(Bloomberg) - Federal Reserve officials are on track to raise interest rates by 75 basis points for the third consecutive meeting this week and signal they’re heading above 4% and will then go on hold.
A case can be made for going even bigger. But there are persuasive arguments for not delivering a shock 100 basis-point increase that will probably prevail when they gather Tuesday and Wednesday in Washington.
Since officials last met in July, the “totality” of data -- to use Chair Jerome Powell’s phrase -- shows the economy remains resilient and inflation is widespread and stubbornly high.
That’s hardened bets for another 75 basis-point increase instead of the smaller half-point move that was also on the table this week. But policy makers probably want to avoid hiking by an even larger amount because of the risk investors will see that triggering a US recession next year.
Such a reaction could have the unintended effect of increasing speculation for Fed rate cuts in 2023, lowering long-term bond yields, easing financial conditions and pushing monetary policy in the wrong direction.
“Going 100 basis points would energize the hard-landing people,” said Michael Feroli, chief US economist at JPMorgan Chase & Co. He acknowledges reasons why they might go for the bigger hike while forecasting a 75 basis-point move.
“Pushing back against expectations of easing next year is not merely a matter of aligning forecasts, but rather of exerting more influence over longer-term interest rates,” Feroli said.
Officials release their policy statement at 2 p.m. Wednesday and Powell will hold a press conference 30 minutes later. They’ll also update forecasts that are expected to show rates moving to 4% over the next few months -- from a current target range of 2.25% to 2.5% -- and holding a bit higher than that through 2023.
The long hold strategy is rooted in the idea that the committee needs to buy some insurance against inflation expectations going adrift, and avoiding the disastrous stop-go policy of the 1970s that allowed inflation to get out of hand.
Fed officials have emphasized they don’t see rate cuts next year -- despite investors betting they will ease somewhat.
That signals they’re willing to overshoot on rates and impose higher economic costs, including more unemployment, because easing too soon could just stoke inflation all over again.
“I got burned last year,” Fed Governor Christopher Waller said Sept. 9 as he discussed when the Fed might retreat from restrictive policy. “And we are very cautious about getting burned again. It’s got to be a real, permanent, longer-term decline,” he said, referring to inflation.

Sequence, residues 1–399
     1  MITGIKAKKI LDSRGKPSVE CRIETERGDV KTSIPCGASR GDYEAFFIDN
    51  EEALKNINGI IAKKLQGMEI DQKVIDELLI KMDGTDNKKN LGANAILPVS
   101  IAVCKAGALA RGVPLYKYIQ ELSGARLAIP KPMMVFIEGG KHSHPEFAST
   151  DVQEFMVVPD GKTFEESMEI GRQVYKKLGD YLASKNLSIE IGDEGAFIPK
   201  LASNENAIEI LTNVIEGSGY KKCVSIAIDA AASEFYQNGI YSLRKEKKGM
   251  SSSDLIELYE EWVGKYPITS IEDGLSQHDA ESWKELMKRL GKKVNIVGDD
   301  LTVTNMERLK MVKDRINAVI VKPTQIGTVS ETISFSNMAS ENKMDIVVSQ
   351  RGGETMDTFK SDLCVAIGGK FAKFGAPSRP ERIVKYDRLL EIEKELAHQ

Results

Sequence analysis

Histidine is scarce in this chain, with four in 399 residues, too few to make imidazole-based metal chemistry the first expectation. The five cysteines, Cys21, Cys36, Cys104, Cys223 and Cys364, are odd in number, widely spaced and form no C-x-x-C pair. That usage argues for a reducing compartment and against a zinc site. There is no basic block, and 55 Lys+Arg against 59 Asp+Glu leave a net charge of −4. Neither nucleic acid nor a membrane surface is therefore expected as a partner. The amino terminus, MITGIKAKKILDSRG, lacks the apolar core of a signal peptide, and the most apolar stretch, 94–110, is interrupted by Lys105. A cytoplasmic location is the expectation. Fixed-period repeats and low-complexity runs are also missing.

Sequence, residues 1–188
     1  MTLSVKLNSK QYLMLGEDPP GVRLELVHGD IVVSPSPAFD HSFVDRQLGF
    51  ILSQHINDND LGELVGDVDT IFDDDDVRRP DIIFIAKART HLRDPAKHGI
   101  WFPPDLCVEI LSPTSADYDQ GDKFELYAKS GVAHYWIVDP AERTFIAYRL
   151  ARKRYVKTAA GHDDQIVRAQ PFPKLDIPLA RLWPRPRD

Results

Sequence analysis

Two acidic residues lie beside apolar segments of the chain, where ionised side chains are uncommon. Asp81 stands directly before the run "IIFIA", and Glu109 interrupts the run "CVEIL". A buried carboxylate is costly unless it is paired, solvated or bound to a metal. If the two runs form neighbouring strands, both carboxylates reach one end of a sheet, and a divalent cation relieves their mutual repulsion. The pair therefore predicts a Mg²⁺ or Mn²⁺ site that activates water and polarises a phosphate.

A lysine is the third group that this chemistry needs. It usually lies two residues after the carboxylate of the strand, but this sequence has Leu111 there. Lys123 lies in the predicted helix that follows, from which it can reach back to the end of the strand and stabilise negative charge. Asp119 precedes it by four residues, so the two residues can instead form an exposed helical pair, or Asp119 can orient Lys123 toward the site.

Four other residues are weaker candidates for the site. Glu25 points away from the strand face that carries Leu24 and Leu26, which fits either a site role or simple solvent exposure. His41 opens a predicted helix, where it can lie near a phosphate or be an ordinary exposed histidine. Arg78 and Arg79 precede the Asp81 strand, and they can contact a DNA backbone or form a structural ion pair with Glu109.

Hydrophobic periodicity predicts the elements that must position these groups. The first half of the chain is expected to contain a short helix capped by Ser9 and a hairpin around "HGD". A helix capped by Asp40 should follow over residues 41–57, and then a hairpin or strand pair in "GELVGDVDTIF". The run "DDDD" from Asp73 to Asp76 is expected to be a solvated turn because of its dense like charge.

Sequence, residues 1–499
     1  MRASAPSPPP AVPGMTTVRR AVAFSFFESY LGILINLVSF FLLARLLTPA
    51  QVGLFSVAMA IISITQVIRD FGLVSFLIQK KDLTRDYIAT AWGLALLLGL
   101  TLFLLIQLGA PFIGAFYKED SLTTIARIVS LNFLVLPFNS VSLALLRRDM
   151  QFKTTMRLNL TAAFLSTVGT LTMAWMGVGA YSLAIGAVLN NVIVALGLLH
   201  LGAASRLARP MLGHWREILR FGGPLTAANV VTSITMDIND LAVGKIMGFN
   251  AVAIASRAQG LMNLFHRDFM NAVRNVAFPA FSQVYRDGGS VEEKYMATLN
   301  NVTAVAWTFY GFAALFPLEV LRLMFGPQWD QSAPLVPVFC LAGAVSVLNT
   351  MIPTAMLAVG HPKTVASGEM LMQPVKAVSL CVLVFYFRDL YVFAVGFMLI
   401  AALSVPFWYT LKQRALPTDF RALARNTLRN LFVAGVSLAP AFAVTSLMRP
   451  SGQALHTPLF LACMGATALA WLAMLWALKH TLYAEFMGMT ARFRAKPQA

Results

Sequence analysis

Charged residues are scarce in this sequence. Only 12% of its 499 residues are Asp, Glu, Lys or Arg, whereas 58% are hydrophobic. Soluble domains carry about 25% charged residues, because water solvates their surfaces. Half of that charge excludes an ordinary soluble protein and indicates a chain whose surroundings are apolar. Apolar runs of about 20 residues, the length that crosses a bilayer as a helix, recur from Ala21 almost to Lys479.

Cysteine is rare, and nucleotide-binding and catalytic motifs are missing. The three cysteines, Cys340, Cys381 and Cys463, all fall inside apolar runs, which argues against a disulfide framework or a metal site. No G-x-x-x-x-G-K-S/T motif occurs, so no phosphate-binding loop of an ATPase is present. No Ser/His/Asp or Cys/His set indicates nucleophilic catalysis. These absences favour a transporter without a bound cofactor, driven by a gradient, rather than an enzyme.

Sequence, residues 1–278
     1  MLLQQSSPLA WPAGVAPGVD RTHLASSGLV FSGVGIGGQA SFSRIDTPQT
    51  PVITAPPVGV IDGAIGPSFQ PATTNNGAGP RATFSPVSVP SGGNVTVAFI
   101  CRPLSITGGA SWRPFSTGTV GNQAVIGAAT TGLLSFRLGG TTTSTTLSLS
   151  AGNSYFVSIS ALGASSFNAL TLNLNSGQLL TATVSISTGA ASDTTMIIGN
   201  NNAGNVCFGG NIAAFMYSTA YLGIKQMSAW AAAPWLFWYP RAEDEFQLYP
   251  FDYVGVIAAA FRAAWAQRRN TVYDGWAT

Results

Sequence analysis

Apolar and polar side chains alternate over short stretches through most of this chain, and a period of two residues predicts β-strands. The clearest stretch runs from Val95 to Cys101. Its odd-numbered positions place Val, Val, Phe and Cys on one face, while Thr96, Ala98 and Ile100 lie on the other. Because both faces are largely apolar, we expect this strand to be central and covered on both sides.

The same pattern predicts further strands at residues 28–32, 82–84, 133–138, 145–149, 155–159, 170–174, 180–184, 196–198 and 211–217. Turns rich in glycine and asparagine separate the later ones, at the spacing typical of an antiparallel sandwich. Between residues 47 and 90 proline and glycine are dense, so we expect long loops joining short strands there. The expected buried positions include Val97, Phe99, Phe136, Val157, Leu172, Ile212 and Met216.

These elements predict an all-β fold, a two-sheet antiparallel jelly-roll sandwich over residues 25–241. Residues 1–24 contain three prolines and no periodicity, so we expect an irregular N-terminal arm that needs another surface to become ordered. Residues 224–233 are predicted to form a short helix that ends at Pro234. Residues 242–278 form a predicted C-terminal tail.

Since then, core consumer prices rose by a more-than-expected 0.6% in August from the prior month. But a closely watched University of Michigan survey of inflation expectations over the next five to 10 years declined slightly to 2.8%.
Those arguing for a full percentage-point move this week say the Fed needs to get ahead of inflation while consumer spending remains robust amid a very tight labor market.
“The fall in oil and gasoline prices is going to boost spending, not contract it” as job growth continues, said Steven Blitz, chief US economist at T.S. Lombard.
He also favors the bigger move because it would also give Fed officials some flexibility to do less at their next meeting, on Nov. 1-2, a week before US midterm congressional elections in which inflation is a central topic.
If the Fed raised by 100 basis points, it would be the largest increase since the era of former Fed Chair Paul Volcker, who hammered inflation in the early 1980s with mega moves of as much as 400 basis points that pushed rates to a peak above 20%.
“You could probably make a case” for a 100 basis-point move, said former Fed Vice Chair Donald Kohn, who’s now a senior fellow at the Brookings Institution. “But I also wonder if that becomes a new baseline,” he added, noting that it could be unwieldy for the committee to downshift from there.
“They seem to be in a 75 baseline now, which is a pretty vigorous baseline,” Kohn said. “They have to be careful to not to react really strongly to each piece of information.”
Investors seemingly agree and are only pricing in a small probability for a bigger move, while economists surveyed by Bloomberg also expect them to go 75 basis points again.
“There is no reason to shock the market in a more hawkish manner with 100 basis points,” said Lara Rhame, chief US economist at FS Investments in Philadelphia, who notes that Fed officials didn’t opt for such a move at a time when rates were even lower.
A further consideration is the international context. The Fed is aiming for slower US growth, but not a synchronous global recession that could result in reverberating financial stress.
“With China and Europe slowing down together, it is unwise to go 100 basis points right now,” said Anna Wong, the chief economist at Bloomberg Economics. “A severe recession in Europe that widened credit spreads could knock a percentage point off US GDP.”